The weather buoy M5, which played such in important
role in predicting and recording the record wave heights
off the coast last December, is back in action again.
The buoy, located 50km off the Wexford coast, has been
successfully redeployed after being offline since early
It is now transmitting a wide range of information on wind
speed and direction, atmospheric pressure, wave height, sea
and air temperature - all of which can be accessed online
via the Marine Institute’s website.
“Keeping the weather buoy network fully functional in as
harsh an environment as the Celtic Sea, can be extremely challenging”
- said Dr Peter Heffernan, CEO of the Marine Institute. “After
the M5 weather buoy stopped transmitting on the 3rd February,
it was recovered a week later and replaced by a second buoy
- which, in turn, failed after only two weeks. Bad weather
and complex engineering issues has constantly hampered any
attempt to recover and replace the second buoy using our smaller
vessel RV Celtic Voyager - but, her larger sister
ship, RV Celtic Explorer, finally managed the job
on the 30th May.
"I would like to pay tribute to our partners in the
Department of Transport, Met Eireann and the UK Met Office
in creating the network, which continues to provide information
vital not only to maritime safety and survival, but also to
our understanding of the oceans and climate change.”
In addition to the floating weather buoy network, which is
exposed to waves and wind, the Marine Institute - together
with a range of other bodies - is planning the deployment
of an array of submerged sensors and instrumented buoys in
Galway Bay, as part of the SmartBay system.
Phase 1 of this network - which will consist of a number
of instrumented buoys located at sites critical for climate
change, aquaculture and wave energy research - will be deployed
shortly on the west coast of Ireland. These buoys will provide
a wide range of oceanographic and environmental information
- leading to an even greater understanding of our seas and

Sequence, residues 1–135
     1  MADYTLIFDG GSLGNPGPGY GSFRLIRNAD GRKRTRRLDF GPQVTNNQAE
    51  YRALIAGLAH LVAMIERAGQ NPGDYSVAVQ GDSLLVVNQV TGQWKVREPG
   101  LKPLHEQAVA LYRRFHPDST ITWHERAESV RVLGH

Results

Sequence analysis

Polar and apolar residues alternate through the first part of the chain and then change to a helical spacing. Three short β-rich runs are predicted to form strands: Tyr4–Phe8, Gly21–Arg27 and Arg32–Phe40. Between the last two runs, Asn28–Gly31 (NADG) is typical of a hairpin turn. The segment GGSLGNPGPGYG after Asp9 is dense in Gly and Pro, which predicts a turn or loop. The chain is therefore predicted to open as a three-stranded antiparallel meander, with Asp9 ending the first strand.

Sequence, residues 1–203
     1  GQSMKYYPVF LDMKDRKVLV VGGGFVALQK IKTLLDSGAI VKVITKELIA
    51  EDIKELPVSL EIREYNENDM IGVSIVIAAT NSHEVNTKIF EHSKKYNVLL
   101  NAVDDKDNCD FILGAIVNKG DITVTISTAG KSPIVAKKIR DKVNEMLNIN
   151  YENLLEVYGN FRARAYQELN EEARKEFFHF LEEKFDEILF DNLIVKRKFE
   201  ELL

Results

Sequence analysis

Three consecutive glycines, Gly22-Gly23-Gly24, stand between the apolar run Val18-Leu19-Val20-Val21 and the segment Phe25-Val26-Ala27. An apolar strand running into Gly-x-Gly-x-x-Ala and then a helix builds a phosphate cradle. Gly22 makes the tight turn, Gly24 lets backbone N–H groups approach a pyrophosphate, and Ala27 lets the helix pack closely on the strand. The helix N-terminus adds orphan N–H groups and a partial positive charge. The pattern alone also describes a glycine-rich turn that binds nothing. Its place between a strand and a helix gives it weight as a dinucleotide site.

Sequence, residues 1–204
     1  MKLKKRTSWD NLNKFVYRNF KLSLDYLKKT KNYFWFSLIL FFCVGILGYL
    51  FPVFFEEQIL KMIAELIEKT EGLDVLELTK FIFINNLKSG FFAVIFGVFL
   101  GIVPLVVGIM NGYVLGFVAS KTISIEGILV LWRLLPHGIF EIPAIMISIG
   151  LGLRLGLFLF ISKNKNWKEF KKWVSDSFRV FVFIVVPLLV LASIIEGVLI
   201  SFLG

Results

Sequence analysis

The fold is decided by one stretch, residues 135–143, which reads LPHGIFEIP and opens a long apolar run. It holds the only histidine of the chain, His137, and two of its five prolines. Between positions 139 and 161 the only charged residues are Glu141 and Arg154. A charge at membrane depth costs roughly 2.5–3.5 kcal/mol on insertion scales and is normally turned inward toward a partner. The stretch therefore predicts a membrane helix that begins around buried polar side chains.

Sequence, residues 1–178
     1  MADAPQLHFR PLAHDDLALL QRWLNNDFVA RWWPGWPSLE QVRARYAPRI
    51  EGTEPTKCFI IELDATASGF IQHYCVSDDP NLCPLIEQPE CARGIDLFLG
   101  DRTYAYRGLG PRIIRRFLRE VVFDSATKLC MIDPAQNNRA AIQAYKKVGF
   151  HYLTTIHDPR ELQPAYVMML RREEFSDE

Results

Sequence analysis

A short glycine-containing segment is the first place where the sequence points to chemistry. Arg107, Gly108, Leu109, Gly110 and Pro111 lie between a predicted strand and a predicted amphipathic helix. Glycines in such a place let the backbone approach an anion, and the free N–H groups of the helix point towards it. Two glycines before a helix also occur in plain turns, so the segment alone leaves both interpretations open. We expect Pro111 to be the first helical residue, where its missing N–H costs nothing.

The Irish Weather Buoy Network is a collaborative project
between the Department of Transport, Marine Institute, Met
Eireann and UK Met Office. The weather buoy network consists
of a 5 buoy network around the coast of Ireland, with one
located well into the Atlantic.
These buoys are equipped with a sophisticated array of sensors
which report hourly data on -
- Wind speed and direction
- Atmospheric pressure and humidity
- Significant wave height and period - and
- Air and Sea temperature.
Since it provides near real-time data, the Network significantly
increases the accuracy of forecasts and consequently contributes
to improve safety at sea. Information from the buoy’s sensors
is uploaded onto the GTS (Global Telecommunications System)
and then used by European and Global Forecasters. It is also
used to inform a wide range of users including - fishermen,
sailors, ferries, coastal and offshore engineers, general
public and science researchers.
The Marine Institute is responsible for the operational management
of the network and services each buoy annually - or more frequently
should it be required. Servicing takes place both on the RV
Celtic Explorer and the RV Celtic Voyager.
Each buoy is fully serviced every year, while the moorings
are checked and replaced when necessary.
For more information and to access the databuoy section of
the Marine Institute's website - Click